However, this is the question which the oligarchs of Brussels and Frankfurt are wishing would go away. We could well see that the scheme developed, consciously or unconsciously, in Brussels and which reveals itself in the discourse of Barroso as well as in the declaration of Juncker, has no other end than to exclude sovereignty and to leave the leaders of the European Union without democratic control over their actions. But Juncker’s declaration goes even further [5]. It refuses any country the right to reexamine decisions taken in treaties. We are indeed already today within the framework of a «limited sovereignty». These terms pick up on the discourse of the Soviet Union concerning the Eastern European countries in 1968 at the time of intervention of the Warsaw Pact in Prague. They purport to consider the member states of the European Union as colonies, or more precisely, as «dominions» within the frame of the Commonwealth, whose sovereignty was subjected to that of the home country (Great Britain). Except that in the case in point there is no home country. The European Union would therefore be a colonial system without a home country. And maybe that it is even a colonialism by procuration. Behind the image of the supposedly united Europe which is now divided in fact by the European institutions, one can make out the looming profile of the United States, before whom Brussels steadfastly gives way, as we have seen on the question of the Transatlantic Treaty, or TAFTA, or the Ukrainian crisis.


Bring back sovereignty, rebuild the State, re-found democracy

This revelation of the true nature of the European Union is leading some authors to compare it to a «soft fascism» [6] Laurent de Sutter, a Law professor and editorial manager at the Presses Universitaires de France, gives the following explanation: «This generalized delirium manifested by the European authorities should be investigated. How come it spreads itself out so shamelessly before our eyes? Why does it go on pretending to find reasons for itself, when these reasons no longer make any sense – are only empty words, hollow slogans and inconsistent logic? The answer is simple: it is indeed fascism. It is a question of providing for oneself an ideological cover that is purely conventional, a discourse which one pretends to support, in order, in fact, to realize an altogether different operation in reality» [7].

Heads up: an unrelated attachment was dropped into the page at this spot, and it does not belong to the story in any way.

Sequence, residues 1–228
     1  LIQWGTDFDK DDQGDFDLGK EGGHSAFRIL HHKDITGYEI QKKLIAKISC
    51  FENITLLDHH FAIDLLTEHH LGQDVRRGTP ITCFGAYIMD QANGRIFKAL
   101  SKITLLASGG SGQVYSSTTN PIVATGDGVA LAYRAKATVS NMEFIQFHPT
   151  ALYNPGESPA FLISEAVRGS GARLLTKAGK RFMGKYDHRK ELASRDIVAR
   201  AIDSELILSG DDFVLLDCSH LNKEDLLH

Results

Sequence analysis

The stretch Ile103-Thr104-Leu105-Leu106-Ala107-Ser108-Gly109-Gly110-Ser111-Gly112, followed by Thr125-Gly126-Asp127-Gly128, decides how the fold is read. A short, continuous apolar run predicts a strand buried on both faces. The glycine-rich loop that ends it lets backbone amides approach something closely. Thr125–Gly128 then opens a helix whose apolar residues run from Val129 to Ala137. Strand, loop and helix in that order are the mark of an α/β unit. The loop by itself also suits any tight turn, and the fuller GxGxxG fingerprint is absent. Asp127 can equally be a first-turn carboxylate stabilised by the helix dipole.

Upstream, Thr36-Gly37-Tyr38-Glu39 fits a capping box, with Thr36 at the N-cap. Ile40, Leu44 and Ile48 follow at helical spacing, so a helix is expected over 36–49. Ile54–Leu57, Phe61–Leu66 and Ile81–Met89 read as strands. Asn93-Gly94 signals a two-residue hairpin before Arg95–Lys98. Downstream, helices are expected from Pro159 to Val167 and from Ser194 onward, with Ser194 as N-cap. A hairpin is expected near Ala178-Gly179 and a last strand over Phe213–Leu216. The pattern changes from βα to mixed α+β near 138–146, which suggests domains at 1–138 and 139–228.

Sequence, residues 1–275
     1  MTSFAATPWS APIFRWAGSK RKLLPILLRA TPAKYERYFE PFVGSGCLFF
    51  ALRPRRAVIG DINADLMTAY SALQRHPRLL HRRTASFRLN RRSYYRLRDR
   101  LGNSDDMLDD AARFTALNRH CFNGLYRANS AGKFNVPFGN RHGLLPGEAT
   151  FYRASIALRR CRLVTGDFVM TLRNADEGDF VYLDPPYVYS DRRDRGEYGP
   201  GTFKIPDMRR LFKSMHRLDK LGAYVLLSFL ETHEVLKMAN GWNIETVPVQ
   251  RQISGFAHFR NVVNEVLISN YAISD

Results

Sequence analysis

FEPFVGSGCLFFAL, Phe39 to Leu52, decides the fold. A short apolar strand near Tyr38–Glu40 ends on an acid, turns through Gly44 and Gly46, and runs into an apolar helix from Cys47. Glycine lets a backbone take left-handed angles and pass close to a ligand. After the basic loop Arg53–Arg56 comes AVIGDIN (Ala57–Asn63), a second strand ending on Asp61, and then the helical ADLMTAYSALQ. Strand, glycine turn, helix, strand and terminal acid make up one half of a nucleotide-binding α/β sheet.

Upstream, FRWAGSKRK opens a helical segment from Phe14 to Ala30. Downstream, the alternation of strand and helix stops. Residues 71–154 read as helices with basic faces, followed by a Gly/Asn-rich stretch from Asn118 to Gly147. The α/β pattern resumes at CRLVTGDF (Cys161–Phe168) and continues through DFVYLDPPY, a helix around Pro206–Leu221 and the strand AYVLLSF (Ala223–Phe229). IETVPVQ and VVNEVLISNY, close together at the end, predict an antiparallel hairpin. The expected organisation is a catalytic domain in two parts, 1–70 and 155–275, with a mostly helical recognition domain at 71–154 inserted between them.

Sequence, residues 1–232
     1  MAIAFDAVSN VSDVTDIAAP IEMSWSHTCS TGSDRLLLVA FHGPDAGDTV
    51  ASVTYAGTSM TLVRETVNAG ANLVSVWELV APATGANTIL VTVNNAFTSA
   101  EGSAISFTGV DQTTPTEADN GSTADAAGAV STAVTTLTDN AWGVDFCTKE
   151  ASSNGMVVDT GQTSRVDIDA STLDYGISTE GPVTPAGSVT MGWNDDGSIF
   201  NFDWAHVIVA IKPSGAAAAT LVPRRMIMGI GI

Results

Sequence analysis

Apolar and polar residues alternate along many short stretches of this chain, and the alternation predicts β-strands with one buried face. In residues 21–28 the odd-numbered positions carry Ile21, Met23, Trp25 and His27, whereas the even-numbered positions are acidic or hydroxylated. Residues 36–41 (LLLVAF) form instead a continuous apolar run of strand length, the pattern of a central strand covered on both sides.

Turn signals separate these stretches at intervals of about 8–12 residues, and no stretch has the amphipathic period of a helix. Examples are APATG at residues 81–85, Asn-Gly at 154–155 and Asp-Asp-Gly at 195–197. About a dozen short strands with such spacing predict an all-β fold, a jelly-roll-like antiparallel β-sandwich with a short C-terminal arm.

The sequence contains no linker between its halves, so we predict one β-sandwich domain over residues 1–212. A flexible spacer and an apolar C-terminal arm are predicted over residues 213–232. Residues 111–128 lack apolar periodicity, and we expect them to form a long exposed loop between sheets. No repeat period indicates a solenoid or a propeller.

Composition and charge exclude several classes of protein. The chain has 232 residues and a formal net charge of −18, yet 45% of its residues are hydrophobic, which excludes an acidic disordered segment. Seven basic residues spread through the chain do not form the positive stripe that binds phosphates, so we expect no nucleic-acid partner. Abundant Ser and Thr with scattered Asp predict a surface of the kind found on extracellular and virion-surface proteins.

We must then draw all the consequences from this, even if the formula «soft fascism» can be shocking. It is clear at present that the fight aiming at the recovery of sovereignty is an essential prerequisite. We will be able to debate on important questions only once this sovereignty will be established and the State reconstructed. This is why we must greet the decision, however belated, of Jean-Pierre Chevènement to leave the Mouvement Républicain et Citoyen (which he had founded) in order to position himself in a space for debate transcending «…historic sensitivities because one will never get France out of the rut without this » [8]. It is clear from now on that the divergences will no longer happen along a «right-left» axis, at least, not so long as the question of sovereignty will not be decided. «There is nothing irremediable except the loss of the State» Henri IV has said [9]. When he made this declaration in front of the judges in Rouen, a Parliament at that time being an assembly of judges, he gave to understand that a superior interest imposed itself on particular interests and that the individuals’ pursuit of their legitimate aims could not be done to the detriment of the common goal of living in a society. In reclaiming the sense of the Nation, he put an end to civil war. This is where we have arrived at today. One may deplore it, but we must acknowledge it and draw the essential conclusions.

Clearly, today a united front of sovereignists should be coming together. Contrarily to what one may think, this is not an easy formula. As any united front, it is not meant to be a magic formula producing a fake unanimity, but a tactical instrument aiming at a precise political goal. It will impose, in due time, that one distinguish well the critiques which could be raised within the front from those which we should reserve for our enemies.

Jacques Sapir
RussEurope



Notes
[1] http://www.euractiv.com/sections/euro-finance/varoufakis-greeces-creditors-have-turned-negotiations-war-315247

[2] Evans-Pritchard A., « Syriza Left demands ‘Icelandic’ default as Greek defiance stiffens », The Telegraph, 14 juin 2015, http://www.telegraph.co.uk/finance/11673989/Syriza-Left-demands-Icelandic-default-as-Greek-defiance-stiffens.html

[3] Manuel Barroso, Barroso J-M., Speech by President Barroso: “Global Europe, from the Atlantic to the Pacific”, Speech 14/352, speech given at Stanford University on May 1st, 2014.

[4] Juncker J-C, « La Grèce doit respecter l’Europe», Le Figaro, 29 janvier 2015, http://www.lefigaro.fr/international/2015/01/28/01003-20150128ARTFIG00490-jean-claude-juncker-la-grece-doit-respecter-l-europe.php

[5] See the analysis by C. Delaume, « Du traité constitutionnel à Syriza : l’Europe contre les peuples », in Le Figaro-Vox, 2 février 2015, http://www.lefigaro.fr/vox/politique/2015/02/02/31001-20150202ARTFIG00405-du-traite-constitutionnel-a-syriza-l-europe-contre-les-peuples.php

[6] De Sutter L., « La raison délirante de l’Europe, un nouveau fascisme mou ? », in Libération, 10 février 2015, http://www.liberation.fr/monde/2015/02/10/la-raison-delirante-de-l-europe-un-nouveau-fascisme-mou_1199605

[7] Idem.

[8] Le Figaro, « Chevènement veut un «mouvement d’idées» allant de Mélenchon à Dupont-Aignan », 15 juin 2015, http://www.lefigaro.fr/politique/le-scan/citations/2015/06/15/25002-20150615ARTFIG00090-chevenement-eut-un-mvouvement-d-idees-allant-de-melenchon-a-dupont-aignan.php

[9] Discours de Henri IV au Parlement de Rouen en 1597.